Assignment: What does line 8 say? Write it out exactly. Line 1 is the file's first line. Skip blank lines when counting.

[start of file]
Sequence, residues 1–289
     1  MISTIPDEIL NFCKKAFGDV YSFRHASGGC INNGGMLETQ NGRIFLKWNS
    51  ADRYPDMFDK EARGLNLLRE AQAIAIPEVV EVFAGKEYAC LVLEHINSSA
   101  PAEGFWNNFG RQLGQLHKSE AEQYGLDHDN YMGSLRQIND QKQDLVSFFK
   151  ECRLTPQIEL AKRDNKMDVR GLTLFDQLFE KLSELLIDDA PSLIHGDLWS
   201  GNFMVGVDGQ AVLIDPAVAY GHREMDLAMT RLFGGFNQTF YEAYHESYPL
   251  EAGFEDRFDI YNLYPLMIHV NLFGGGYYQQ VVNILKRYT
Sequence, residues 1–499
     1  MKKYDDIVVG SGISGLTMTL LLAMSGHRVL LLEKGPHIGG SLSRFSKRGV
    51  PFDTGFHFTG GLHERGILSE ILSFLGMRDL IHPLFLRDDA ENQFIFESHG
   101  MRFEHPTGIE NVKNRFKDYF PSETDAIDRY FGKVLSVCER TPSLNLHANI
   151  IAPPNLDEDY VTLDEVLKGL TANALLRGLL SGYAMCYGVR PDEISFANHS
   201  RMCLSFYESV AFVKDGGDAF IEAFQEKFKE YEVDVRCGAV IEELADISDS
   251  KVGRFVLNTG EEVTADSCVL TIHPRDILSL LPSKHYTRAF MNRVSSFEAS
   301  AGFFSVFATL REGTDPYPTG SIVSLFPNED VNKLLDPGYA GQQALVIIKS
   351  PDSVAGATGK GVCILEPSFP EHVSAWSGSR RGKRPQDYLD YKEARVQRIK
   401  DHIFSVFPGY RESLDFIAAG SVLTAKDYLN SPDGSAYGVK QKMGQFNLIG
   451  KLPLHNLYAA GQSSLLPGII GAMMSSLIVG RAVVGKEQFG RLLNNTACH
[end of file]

Sequence, residues 1–499